DHS Delays Launch of Spy Satellite Program

WASHINGTON, Oct. 1 /PRNewswire-USNewswire/ -- After several requests from the Homeland Security Committee calling for a moratorium on the controversial use of spy satellite imagery for domestic purposes, the Department has heeded the call and delayed its planned October 1st launch of its new National Applications Office (NAO). The Department has cited the need to address unanswered privacy and civil liberties questions from Congress -- as addressed in the Committee's September 6th hearing on the matter and also in letters from August 22nd and September 6th from Committee Members.

Rep. Bennie G. Thompson (D-MS), Chairman of the Committee on Homeland Security, released the following statement regarding the decision:

"While we are pleased by the Department's decision to go back to the drawing board and get it right, we are troubled by its silence on the second part of our request: that Congress also be provided 'a full opportunity to review the NAO's written legal framework, offer comments, and help shape appropriate procedures and protocols.'

"The moratorium on NAO implementation is only a first step. We look forward to working collaboratively with the Department to ensure that the final written plans for the NAO include the rigorous privacy and civil liberties safeguards that are necessary to keep faith with both the Constitution and the American people.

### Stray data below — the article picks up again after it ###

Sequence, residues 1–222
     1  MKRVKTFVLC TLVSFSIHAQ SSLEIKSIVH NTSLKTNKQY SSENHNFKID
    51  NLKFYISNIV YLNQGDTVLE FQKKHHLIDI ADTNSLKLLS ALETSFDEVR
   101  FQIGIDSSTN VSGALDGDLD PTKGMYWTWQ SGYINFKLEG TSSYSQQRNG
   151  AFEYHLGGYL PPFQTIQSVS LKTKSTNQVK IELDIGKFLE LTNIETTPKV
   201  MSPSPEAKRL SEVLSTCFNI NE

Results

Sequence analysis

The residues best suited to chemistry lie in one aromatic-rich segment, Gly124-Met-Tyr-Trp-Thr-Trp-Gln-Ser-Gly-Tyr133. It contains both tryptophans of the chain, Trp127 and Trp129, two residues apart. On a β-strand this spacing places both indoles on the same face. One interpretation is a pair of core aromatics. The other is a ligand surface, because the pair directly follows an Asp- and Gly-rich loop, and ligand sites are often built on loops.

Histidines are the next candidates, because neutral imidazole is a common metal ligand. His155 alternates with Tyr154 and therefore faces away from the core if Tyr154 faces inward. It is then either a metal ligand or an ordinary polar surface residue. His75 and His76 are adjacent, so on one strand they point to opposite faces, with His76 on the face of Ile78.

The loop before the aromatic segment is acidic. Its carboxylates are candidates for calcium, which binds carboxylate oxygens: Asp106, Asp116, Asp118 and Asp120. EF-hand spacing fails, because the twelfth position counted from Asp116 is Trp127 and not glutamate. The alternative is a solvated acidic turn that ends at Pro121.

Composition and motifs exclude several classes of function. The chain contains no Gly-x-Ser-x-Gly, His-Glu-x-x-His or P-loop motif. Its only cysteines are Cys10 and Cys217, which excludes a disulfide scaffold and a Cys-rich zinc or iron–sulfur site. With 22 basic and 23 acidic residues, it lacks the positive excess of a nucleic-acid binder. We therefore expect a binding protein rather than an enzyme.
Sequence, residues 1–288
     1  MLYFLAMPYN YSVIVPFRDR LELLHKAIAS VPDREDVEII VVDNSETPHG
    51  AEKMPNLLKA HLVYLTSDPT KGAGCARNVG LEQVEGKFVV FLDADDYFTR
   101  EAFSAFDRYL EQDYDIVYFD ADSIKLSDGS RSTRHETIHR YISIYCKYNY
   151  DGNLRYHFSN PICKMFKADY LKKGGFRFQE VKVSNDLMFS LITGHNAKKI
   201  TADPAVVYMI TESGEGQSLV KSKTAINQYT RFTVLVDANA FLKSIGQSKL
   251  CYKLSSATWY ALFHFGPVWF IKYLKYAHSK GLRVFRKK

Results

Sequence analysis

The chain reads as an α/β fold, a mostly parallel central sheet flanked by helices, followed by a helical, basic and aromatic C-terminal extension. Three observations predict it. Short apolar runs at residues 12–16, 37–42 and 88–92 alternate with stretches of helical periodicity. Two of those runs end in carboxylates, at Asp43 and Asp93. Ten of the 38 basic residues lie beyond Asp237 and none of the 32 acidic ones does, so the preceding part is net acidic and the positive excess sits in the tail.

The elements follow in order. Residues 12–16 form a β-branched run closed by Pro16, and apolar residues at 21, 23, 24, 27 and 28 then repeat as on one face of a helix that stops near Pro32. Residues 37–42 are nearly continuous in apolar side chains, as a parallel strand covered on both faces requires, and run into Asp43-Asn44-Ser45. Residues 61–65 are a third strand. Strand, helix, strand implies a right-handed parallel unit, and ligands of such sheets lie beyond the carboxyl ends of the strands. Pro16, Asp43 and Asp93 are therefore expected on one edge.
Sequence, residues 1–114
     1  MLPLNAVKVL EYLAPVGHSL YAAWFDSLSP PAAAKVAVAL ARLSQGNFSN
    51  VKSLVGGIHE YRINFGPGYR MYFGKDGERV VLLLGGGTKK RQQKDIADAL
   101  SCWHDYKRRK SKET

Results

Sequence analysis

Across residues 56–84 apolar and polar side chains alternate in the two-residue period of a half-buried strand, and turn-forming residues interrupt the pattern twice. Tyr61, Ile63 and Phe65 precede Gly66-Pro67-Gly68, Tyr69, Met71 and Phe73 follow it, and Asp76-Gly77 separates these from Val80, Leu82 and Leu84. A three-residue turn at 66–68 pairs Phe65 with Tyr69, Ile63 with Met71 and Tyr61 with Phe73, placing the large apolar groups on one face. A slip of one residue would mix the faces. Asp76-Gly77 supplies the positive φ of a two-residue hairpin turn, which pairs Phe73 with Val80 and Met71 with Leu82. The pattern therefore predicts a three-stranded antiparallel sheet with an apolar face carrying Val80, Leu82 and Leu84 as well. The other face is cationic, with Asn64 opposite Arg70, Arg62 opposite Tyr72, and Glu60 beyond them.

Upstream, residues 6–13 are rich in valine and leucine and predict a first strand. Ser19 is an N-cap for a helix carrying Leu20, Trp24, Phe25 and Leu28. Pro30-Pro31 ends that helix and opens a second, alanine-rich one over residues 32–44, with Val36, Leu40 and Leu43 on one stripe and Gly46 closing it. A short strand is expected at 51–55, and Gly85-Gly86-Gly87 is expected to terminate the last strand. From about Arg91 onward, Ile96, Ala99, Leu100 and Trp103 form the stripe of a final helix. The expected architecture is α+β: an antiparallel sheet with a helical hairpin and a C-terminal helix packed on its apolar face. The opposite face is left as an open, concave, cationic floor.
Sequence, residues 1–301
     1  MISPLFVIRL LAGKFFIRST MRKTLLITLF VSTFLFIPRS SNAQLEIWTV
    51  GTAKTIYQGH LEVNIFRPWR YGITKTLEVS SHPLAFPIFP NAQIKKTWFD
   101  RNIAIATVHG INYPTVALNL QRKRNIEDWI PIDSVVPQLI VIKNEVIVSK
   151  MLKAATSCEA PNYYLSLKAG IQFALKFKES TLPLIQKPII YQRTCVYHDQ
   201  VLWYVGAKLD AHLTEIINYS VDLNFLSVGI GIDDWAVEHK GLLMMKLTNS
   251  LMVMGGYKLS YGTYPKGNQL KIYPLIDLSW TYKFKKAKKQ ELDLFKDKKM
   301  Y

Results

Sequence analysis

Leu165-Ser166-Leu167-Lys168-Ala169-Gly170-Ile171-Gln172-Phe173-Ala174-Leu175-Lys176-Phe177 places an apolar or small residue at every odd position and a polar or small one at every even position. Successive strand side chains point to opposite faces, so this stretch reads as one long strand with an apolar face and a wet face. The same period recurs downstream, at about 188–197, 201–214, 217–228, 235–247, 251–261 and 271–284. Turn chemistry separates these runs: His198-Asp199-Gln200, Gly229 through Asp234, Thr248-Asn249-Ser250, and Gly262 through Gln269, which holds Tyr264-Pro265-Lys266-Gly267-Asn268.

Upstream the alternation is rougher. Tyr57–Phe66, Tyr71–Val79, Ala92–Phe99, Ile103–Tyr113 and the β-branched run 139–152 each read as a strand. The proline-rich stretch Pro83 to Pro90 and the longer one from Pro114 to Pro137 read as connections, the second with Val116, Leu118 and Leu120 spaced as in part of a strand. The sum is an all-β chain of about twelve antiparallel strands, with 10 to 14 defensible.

"Turning this technology on the homeland without a written legal framework for operations is a recipe for disaster," said Thompson.

Rep. Jane Harman (D-CA), Chair of the Subcommittee on Intelligence, Information Sharing, and Terrorism Risk Assessment, added the following:

"This is a rare chance for Congress to be involved at the front end of an important proposed surveillance program. We must not squander this opportunity. I look forward to reviewing the legal documents from the Administration and appreciate its cooperation."

Rep. Christopher P. Carney (D-PA), Chairman of the Subcommittee on Management, Investigations, and Oversight also issued the following:

"Congress has a critical oversight role to play here. We need accountability in the process. I am pleased that the Department has agreed to address our questions. Although, it would be better if the Department went one step further and could advise us when to expect the promised documents so we can continue to protect the rights of the people."

SOURCE Committee on Homeland Security



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